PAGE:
Improving instead of repowering: A Technical, Ecological and Economic Approach

Improving instead of repowering: A Technical, Ecological and Economic Approach

Compared with a repowering wind farm project, the RBE – Rotor Blade Extension technology consists in a more economic and ecological approach to improving energy generation.

In the past, some wind farms were installed at sites that do not match appropriate wind classes. The reasons may range from insufficient planning tools or lack of experience of wind farm developers. This has resulted in annual energy generation losses and sometimes a shift of the park economy towards critical regions. In order to increase the annual energy generation of a wind farm or a single turbine, a number of solutions for improvement have been examined and experimentally tested at such sites.

The project at issue was commissioned and initiated by Energiekontor, the wind farm owner and operator. As research partner, the University of Applied Sciences Bremerhaven was responsible for the design, load assumptions and measurements. The tip extensions have been constructed in Germany and DEWI-OCC followed up the project as the accredited certification body.

In order to improve rotor efficiency, an in-depth knowledge of the turbine design is needed. Accordingly, in order to modify the blades to increase energy generation some properties of the whole turbine may change as well. These are for example the increase in ultimate and fatigue loads, the change of the natural component frequencies, control behaviour, noise emission and finally the document that certified the type of turbine. This research was based on the equation of the power curve of a wind turbine, which can be expressed as:

P = ρ/2 · v3 · cp · Arotor

P – electrical Power

ρ – air density

v – wind speed at hub height

cp – rotor power coefficient

Arotor – swept rotor area

Not all the parameters can be modified to optimise an existing turbine. According to the vertical wind profile, the height of the tower can be increased to raise wind speed. As power grows with cubic law, an increase in hub height will result in an economic solution for a new installation. For low wind speed sites, a smaller generator can be mounted which features a higher efficiency at low wind speeds compared with a higher installation. Both methods bear high costs. Furthermore, rotor efficiency can be increased by optimizing the aerodynamics or the control strategy. Finally, the rotor area can be augmented by increasing rotor diameter. All these modifications can be applied if a wind turbine is optimised for an inland site in its original design by the manufacturer.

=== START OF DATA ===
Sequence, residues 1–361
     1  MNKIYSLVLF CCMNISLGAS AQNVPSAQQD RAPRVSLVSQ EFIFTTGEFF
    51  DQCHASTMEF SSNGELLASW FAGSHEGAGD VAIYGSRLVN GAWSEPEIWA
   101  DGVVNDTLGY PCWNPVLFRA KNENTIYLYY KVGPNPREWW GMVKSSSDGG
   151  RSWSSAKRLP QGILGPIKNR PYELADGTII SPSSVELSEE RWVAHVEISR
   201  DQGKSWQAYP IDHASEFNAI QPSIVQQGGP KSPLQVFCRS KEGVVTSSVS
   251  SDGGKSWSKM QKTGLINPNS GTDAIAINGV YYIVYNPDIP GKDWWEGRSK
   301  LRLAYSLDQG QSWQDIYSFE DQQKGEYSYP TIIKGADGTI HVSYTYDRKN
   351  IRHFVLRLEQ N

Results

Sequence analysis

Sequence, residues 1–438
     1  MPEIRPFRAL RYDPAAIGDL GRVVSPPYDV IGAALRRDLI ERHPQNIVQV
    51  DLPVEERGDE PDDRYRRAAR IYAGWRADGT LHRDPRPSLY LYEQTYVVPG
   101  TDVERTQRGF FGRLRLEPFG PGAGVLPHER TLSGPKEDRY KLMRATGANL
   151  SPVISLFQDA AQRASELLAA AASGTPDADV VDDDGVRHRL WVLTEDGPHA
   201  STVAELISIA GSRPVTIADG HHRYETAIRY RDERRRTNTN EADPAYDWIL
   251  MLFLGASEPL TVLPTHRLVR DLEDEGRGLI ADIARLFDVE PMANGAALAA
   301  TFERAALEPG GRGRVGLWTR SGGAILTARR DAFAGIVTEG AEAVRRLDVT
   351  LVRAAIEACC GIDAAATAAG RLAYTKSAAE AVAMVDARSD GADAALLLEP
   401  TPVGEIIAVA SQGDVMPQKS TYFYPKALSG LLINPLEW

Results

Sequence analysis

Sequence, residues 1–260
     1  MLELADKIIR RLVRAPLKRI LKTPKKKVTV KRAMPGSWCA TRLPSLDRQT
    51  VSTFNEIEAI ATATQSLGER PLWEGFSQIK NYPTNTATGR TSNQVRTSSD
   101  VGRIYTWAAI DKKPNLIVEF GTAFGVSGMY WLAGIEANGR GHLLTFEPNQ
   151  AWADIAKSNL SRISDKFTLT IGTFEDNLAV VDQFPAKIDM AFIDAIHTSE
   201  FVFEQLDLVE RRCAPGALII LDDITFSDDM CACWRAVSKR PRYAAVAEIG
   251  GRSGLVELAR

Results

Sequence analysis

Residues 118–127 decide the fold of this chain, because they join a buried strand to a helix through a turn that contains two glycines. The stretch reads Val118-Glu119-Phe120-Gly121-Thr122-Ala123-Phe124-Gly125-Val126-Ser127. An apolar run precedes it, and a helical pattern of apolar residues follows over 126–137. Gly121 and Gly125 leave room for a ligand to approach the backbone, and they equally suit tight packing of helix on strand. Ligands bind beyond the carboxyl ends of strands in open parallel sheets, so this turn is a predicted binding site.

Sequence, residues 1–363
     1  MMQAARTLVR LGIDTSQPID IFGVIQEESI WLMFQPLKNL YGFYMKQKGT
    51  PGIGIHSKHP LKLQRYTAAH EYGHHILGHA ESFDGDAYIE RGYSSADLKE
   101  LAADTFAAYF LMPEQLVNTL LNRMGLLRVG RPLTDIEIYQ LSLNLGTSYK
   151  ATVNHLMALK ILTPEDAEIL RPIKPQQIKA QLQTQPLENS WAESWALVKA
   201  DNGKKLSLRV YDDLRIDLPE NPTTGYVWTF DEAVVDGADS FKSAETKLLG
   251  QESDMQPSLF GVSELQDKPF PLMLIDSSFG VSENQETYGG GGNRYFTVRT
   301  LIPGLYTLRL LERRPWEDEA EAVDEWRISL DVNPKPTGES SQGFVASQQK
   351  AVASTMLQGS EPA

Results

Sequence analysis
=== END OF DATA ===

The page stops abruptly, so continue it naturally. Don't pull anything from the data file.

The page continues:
However, if the “wrong” turbine is chosen by the wind farm designer or the long term wind potential is found to be too optimistic most of the previously mentioned parameters cannot be modified without spiralling up prices. The increase in rotor diameter has been identified as the best value for money choice. Two methods can be applied:

  • The use of an extensor to be added, between the hub and the blade root;
  • An extension at the blade tip.

As regards the first option, rotor blades must be removed, which calls for a wide-ranging intervention in the structure and a too large increase in the deterministic loads on the turbine components. The second solution can be applied directly to the rotor, which is best to effectively address the problem.

As far as the analysed wind farm is concerned, eleven 1 MW turbines designed for the IEC class II or wind zone 3, according to the German Institute for building techniques (DIBt), have operated for 8 years at lower throughput rates than expected. Measurements of wind conditions as well as monitoring of energy output since the erection of the wind farm showed that the wind potential was far lower than originally expected and the turbines were designed for higher wind zones.

A prototype set of a rotor blade tip extension has been designed, manufactured and successfully tested in laboratory and on the field. The measurement campaign showed expected changes of the natural frequencies of about -2.5% and no resonances or undue vibrations have been found. The modified turbine was tested up to high and very high wind speeds. No additional noise could be recognized. The accompanying certification procedure proved to be an effective tool for the type of project.

The Rotor Blade Extension installation confirmed the expected output improvement. This could be validated by several months’ operation in comparison to the neighbouring turbine, which was monitored in an earlier long term campaign. The return on investment of the serial modification is three years.

The assembly of the tips on-site and on a hanging blade, which avoids the need for heavy cranes and long downtimes, has been tested and proven to be a good methodology. Therefore, the overall modification costs of a single turbine involve an economic and ecological improvement without repowering a wind farm entirely.

Learn more about the installation of Rotor Blade Extension on a hanging blade or contact us for more details on how to increase output of your wind farm.

Read the full paper entitled “Improving instead of Repowering: a Technical, Ecological and Economic approach”, published by Henry Seifert (Hochschule Bremerhaven; Institute for Wind Energy fk-wind), Jürgen Kröning (DEWI – OCC GmbH), Hergen Bolte and Torsten Rotermund (Energiekontor AG).

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